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Title: Perceived multiple stressor effects depend on sample size and stressor gradient length
Authors: Mack, Leoni; Fernandez de la Hoz, Camino; Penk, Marcin; Piggott, Jeremy; Crowe, Tasman; Hering, Daniel; Kaijser, Willem; Aroviita, Jukka; Baer, Jan; Borja, Angel; Clark, Dana E.; Fernandez-Torquemada, Yolanda; Kotta, Jonne; Matthaei, Christoph D.; O'Beirn, Francis; Paerl, Hans W.; Sokolowski, Adam; Vilmi, Annika; Birk, Sebastian
Abstract: Multiple stressors are continuously deteriorating surface waters worldwide, posing many challenges for their conservation and restoration. Combined effect types of multiple stressors range from single-stressor dominance to complex interactions. Identifying prevalent combined effect types is critical for environmental management, as it helps to prioritise key stressors for mitigation. However, it remains unclear whether observed single and combined stressor effects reflect true ecological processes unbiased by sample size and length of stressor gra-dients. Therefore, we examined the role of sample size and stressor gradient lengths in 158 paired-stressor response cases with over 120,000 samples from rivers, lakes, transitional and marine ecosystems around the world. For each case, we split the overall stressor gradient into two partial gradients (lower and upper) and investigated associated changes in single and combined stressor effects.Sample size influenced the identified combined effect types, and stressor interactions were less likely for cases with fewer samples. After splitting gradients, 40 \% of cases showed a change in combined effect type, 30 \% no change, and 31 \% showed a loss in stressor effects. These findings suggest that identified combined effect types may often be statistical artefacts rather than representing ecological processes. In 58 \% of cases, we observed changes in stressor effect directions after the gradient split, suggesting unimodal stressor effects. In general, such non-linear responses were more pronounced for organisms at higher trophic levels.We conclude that observed multiple stressor effects are not solely determined by ecological processes, but also strongly depend on sampling design. Observed effects are likely to change when sample size and/or gradient length are modified. Our study highlights the need for improved monitoring programmes with sufficient sample size and stressor gradient coverage. Our findings emphasize the importance of adaptive management, as stress reduction measures or further ecosystem degradation may change multiple stressor-effect relationships, which will then require associated changes in management strategies.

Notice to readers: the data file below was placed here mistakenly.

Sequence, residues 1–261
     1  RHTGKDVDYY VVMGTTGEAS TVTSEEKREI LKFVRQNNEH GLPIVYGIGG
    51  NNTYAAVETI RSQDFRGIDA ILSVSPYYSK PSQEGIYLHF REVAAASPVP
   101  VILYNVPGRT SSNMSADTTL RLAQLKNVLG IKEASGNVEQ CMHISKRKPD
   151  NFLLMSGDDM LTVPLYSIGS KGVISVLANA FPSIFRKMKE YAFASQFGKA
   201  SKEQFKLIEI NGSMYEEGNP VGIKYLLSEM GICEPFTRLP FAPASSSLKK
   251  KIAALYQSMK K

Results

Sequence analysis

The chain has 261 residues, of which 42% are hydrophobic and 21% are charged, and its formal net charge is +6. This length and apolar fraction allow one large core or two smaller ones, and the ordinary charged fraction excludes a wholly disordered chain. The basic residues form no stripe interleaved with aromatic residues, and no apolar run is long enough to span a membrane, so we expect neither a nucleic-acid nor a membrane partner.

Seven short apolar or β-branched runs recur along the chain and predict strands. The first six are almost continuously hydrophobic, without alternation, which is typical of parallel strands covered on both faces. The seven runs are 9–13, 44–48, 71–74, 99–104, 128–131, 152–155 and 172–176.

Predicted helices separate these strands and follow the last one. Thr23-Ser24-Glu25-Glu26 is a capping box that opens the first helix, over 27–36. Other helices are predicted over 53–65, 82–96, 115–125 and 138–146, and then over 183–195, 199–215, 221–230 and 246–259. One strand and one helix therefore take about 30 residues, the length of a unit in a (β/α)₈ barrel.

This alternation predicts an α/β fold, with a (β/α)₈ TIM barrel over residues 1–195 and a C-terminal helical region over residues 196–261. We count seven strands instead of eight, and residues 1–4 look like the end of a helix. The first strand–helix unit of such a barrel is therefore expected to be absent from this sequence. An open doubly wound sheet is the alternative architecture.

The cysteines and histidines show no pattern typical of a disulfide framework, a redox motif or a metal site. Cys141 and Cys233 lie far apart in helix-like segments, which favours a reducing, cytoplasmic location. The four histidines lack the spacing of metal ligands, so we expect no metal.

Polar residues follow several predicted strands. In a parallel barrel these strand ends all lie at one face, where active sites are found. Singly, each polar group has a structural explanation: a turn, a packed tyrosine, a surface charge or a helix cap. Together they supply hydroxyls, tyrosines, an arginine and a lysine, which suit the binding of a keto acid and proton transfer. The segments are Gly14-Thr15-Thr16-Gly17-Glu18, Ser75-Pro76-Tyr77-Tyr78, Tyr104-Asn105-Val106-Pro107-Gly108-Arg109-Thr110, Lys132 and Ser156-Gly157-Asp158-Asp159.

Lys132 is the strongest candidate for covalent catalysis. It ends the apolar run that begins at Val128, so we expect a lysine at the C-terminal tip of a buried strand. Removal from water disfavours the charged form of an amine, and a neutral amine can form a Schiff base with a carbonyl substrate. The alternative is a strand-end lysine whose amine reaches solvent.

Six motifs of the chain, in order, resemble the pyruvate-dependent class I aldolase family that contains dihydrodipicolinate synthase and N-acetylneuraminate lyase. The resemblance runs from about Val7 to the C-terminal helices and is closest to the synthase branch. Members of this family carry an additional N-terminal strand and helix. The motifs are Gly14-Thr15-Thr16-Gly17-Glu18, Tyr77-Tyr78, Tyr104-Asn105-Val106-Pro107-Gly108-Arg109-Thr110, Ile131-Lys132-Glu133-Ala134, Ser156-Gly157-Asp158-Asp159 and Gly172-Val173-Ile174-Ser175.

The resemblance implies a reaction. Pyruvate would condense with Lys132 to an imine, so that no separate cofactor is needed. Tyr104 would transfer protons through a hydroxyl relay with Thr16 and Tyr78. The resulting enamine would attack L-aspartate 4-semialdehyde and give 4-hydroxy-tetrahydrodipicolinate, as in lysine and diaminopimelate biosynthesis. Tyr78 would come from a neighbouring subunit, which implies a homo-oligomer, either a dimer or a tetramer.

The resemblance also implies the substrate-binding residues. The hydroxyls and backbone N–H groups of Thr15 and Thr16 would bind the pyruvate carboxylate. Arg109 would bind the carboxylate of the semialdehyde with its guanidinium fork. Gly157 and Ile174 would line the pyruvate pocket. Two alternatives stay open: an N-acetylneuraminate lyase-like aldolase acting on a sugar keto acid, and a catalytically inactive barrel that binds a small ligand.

Keywords: Multiple stressor effect sizes; Multiple stressor effect types; Stressor levels; Dose dependence; Adaptive management; Sampling design; FRESH-WATER; MARINE; IMPACTS; ANTAGONISM; RESPONSES; SYNERGISM; GUIDE
Issue Date: 2022
Type: Article
DOI: 10.1016/j.watres.2022.119260
ISSN: 0043-1354
E-ISSN: 1879-2448
Funder: Scenarios of Biodiversity and Ecosystem Services II programme - Belmont Forum
Scenarios of Biodiversity and Ecosystem Services II programme - Biodiversa
Scenarios of Biodiversity and Ecosystem Services II programme - European Commission
Deutsche Forschungsgemeinschaft
Fenix Programme, Government of Cantabria
Augusto Gonzalez de Linares, Programa de ayudas de la Universidad de Cantabria para contratos posdoctorales [POS-UC2020-07]
Environmental Protection Agency (Ireland)
Marine Institute (Ireland)
Basque Water Agency (URA)
Consorcio de Aguas Bilbao-Bizkaia (Spain)
Cawthron Institute, New Zealand
Ministry for the Environment, New Zealand
Oranga Taiao Oranga Tangata research programme, New Zealand Ministry of Business, Innovation and Employment [MAUX1502]
USA National Science Foundation, Dimensions of Biodiversity Program [1831096]
Irish Research Council Laureate Award [IRCLA/2017/112]
Division Of Environmental Biology
Direct For Biological Sciences [1831096] Funding Source: National Science Foundation
Irish Research Council (IRC) [IRCLA/2017/112] Funding Source: Irish Research Council (IRC)
New Zealand Ministry of Business, Innovation \& Employment (MBIE) [MAUX1502] Funding Source: New Zealand Ministry of Business, Innovation \& Employment (MBIE)
Appears in Publication types:Artículos científicos

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